"The American girl who fancies that she has less chances in opera than her sisters of the European countries is silly. Look at the lists of artists at the Metropolitan, for instance. The list includes twice as many artists of American nationality as of any other nation. This is in no sense the result of pandering to the patriotism of the American public. It is simply a matter of supply and demand. New Yorkers demand the best opera in the world and expect the best voices in the world. The management would accept fine artists with fine voices from China or Africa or the North Pole if they were forthcoming. A diamond is a diamond no matter where it comes from. The management virtually ransacks the musical marts of Europe every year for fine voices. Inevitably the list of American artists remains higher. On the whole, the American girls have better natural voices, more ambition and are willing to study seriously, patiently and energetically. This is due in a measure to better physical conditions in America and in Australia, another free country that has produced unusual singers. What is the result? America is now producing the best and enjoying the best. There is more fine music of all kinds now in a week than one can get in Paris in a month and more than one can get in Milan in six months. This has made New York a great operatic and musical center. It is a wonderful opportunity for Americans who desire to enter opera.
 
The Need for Superior Intelligence
"There was a time in the halcyon days of the old coloratura singers when the opera singer was not expected to have very much more intelligence than a parrot. Any singer who could warble away at runs and trills was a great artist. The situation has changed entirely to-day. The modern opera-goer demands great acting as well as great singing. The opera house calls for brains as well as voices. There should properly be great and sincere rivalry between fine singers. The singer must listen to other singers with minute care and patience and then try to learn how to improve herself by self-study and intelligent comparison. Just as the great actor studies everything that pertains to his rôle, so the great singer knows the history of the epoch of the opera in which he is to appear, he knows the customs, he may know something of the literature of the time. In other words, he must live and think in another atmosphere before he can walk upon the stage and make the audience feel that he is really a part of the picture. Sir Herbert Beerbohm Tree gives a presentation that is convincing and beautiful, while the mediocre actor, not willing to give as much brain work to his performance, falls far short of an artistic performance.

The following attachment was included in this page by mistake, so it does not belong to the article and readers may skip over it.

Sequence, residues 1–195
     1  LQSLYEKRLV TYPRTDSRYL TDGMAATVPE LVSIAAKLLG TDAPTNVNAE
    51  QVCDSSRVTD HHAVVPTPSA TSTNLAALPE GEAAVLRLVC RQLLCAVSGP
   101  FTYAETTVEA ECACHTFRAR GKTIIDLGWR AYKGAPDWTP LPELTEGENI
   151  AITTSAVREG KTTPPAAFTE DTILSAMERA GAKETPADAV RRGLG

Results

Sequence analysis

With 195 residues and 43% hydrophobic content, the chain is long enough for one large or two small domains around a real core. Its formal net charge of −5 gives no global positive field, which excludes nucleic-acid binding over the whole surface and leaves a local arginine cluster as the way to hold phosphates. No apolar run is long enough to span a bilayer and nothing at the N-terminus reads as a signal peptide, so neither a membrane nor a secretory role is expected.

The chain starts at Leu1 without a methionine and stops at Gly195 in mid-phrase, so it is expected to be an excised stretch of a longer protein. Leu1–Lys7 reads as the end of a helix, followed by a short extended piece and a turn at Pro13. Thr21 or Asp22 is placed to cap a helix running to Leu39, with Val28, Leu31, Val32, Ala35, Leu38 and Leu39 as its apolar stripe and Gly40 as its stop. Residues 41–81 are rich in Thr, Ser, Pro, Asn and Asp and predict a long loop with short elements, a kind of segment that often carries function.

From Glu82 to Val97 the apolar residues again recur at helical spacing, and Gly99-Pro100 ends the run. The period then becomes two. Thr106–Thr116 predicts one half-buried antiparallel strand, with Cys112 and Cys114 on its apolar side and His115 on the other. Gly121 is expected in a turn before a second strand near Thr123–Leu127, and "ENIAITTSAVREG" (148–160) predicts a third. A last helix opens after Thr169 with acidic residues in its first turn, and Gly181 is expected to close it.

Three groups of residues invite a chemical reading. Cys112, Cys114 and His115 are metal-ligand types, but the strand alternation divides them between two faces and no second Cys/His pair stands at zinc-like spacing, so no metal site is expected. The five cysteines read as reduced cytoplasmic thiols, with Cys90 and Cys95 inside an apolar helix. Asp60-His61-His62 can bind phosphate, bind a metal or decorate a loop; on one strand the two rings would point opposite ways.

"A modern performance of any of the great works as they are presented at the Metropolitan is rehearsed with great care and attention to historical detail. Instances of this are the performances of L'Amore di Tre Re, Carmen, Bohéme and Lohengrin, as well as such great works as Die Meistersinger and Tristan und Isolde.
 
Physical Strength and Singing
"Few singers seem to realize that an operatic career will be determined in its success very largely through physical strength, all other factors being present in the desired degree. That is, the singer must be strong physically in order to succeed in opera. This applies to women as well as to men. No one knows what the physical strain is, how hard the work and study are. In front of you is a sea of highly intelligent, cultured people, who for years have been trained in the best traditions of the opera. They pay the highest prices paid anywhere for entertainment. They are entitled to the best. To face such an audience and maintain the high traditions of the house through three hours of a complicated modern score is a musical, dramatic and intellectual feat that demands, first of all, a superb physical condition. Every day of my life in New York I go for a walk, mostly around the reservoir in Central Park, because it is high and the air is pure and free. As a result I seldom have a cold, even in midwinter. I have not missed a performance in eight years, and this, of course, is due to the fact that my health is my first daily consideration.